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Introduction: Research into the effectiveness of breakfast clubs has most commonly focused on social benefits to the child and school, such as improved attendance at school, punctuality and improved concentration levels in the classroom ( UEA, 2002). Limited research has been undertaken to investigate the nutritional value of the breakfast foods on offer, or the nutritional content of foods consumed by the child. The aim of this study was to find out what children eat and drink at school breakfast clubs in London. Method: The sample population consisted of 98 children (39 boys and 59 girls) aged 5–11 years attending four primary schools in London. Data were collected about the food on offer and the pricing of different food items, demographic data about the children attending the school club, qualitative data on food preferences and a weighed food intake on two different occasions for each child. Statistical tests (anovaand chi-squared tests) and nutrient analysis using Comp-Eat were carried out. Results: The average nutrient content of the breakfast meal consumed was 330 kcal, 12 g protein, 11 g fat and 49 g carbohydrate. Variation was seen between schools. Generally intakes of vitamin C, calcium and sodium were high and intakes of iron were average.anovabetween schools showed statistically significant results for a number of nutrients – protein, fat, saturated fat, carbohydrate, sugar, calcium and sodium. Boys were consuming statistically significantly more fat, saturated fat and calcium than girls. One in five children did not have a drink at breakfast. Menu options and pricing of food items varied between the schools and it was noted to influence children's food choice and consumption. Mean energy intakes equated to 18% of the estimated average requirement for boys and 20% for girls, with girls consuming more carbohydrate and sugar, and boys consumed more fat and protein. Discussion: The findings suggest that careful planning of menus should be undertaken with cereal-based options being offered daily and cooked options only occasionally, and that healthier eating messages can be incorporated effectively into school clubs when supported by the whole school approach to healthy eating. Conclusion: Food offered at school breakfast clubs can contribute substantial nutrients to a child's daily intake and therefore a varied menu, and guided food choices, should be developed incorporating healthier nutrient rich options. This work was supported by Brooke Bond working in partnership with the BDA Community Nutrition Group.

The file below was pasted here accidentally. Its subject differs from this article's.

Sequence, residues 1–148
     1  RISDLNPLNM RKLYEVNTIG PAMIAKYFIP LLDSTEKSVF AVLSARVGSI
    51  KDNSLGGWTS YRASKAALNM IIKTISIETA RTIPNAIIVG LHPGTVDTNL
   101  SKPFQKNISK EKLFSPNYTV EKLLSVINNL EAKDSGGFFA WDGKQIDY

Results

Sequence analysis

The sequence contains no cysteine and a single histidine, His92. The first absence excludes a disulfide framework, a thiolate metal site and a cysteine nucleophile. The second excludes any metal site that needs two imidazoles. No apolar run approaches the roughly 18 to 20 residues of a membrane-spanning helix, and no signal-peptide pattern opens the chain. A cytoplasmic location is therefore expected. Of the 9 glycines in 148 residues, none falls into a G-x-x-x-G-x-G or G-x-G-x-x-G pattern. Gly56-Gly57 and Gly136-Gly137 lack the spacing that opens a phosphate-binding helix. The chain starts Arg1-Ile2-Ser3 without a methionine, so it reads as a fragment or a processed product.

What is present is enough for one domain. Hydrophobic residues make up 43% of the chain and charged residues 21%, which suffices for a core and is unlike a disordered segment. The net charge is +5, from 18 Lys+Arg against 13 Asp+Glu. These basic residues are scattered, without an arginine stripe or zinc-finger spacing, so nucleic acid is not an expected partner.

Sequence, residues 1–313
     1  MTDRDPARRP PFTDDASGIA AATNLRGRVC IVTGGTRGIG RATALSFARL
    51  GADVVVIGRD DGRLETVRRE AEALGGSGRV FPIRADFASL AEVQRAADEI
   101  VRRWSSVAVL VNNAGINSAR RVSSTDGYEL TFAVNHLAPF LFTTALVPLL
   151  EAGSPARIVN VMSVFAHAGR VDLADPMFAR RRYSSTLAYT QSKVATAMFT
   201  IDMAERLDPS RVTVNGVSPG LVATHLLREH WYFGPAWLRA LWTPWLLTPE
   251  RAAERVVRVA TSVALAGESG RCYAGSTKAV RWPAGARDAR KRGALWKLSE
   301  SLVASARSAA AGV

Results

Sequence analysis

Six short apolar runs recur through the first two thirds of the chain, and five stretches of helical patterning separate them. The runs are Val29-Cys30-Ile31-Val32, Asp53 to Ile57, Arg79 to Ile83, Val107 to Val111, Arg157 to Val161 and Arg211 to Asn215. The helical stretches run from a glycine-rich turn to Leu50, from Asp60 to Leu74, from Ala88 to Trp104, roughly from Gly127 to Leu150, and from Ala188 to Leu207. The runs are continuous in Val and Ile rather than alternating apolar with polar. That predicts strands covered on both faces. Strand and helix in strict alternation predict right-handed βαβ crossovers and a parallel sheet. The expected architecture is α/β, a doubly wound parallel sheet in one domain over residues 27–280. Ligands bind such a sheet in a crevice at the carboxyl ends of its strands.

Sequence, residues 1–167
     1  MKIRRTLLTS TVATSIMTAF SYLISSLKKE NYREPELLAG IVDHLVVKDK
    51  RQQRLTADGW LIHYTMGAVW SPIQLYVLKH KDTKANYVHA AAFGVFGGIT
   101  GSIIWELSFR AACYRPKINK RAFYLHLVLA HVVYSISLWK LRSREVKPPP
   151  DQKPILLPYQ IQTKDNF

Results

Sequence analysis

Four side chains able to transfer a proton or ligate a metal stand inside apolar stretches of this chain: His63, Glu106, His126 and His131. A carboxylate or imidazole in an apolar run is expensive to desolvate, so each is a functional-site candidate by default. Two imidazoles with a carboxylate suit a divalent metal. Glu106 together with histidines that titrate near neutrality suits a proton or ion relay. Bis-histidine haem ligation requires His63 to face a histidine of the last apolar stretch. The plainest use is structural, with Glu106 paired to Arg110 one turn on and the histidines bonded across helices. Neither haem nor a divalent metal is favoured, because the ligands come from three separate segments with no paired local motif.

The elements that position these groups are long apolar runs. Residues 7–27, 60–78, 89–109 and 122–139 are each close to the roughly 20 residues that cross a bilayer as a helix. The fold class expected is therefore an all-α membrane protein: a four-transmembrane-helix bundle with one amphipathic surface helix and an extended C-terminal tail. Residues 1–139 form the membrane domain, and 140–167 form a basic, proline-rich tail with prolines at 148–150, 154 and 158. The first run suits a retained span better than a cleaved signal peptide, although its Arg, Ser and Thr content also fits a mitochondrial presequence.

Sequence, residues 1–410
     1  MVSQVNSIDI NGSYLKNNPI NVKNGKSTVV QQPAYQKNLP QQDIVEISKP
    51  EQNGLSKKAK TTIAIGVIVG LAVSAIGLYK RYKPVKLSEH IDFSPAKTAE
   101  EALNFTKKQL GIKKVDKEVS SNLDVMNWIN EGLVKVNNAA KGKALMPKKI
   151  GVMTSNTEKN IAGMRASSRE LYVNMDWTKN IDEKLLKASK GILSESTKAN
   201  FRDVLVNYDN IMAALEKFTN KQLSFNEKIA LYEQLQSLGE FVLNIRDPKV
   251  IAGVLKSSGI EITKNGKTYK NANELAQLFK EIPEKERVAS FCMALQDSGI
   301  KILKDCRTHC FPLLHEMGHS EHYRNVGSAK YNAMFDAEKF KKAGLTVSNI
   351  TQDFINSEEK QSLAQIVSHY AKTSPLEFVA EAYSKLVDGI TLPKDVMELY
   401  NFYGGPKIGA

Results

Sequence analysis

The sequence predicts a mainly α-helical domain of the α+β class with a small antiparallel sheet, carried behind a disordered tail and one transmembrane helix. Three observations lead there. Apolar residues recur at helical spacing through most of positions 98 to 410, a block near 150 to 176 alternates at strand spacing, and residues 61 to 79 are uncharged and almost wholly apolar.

Community Dietitian, Hammersmith and Fulham Primary Care Trust, Richford Gate Primary Care Centre, 49 Richford Gate, London W6 7HY 2:
London Metropolitan University 3:
Hammersmith Hospitals Trust, UK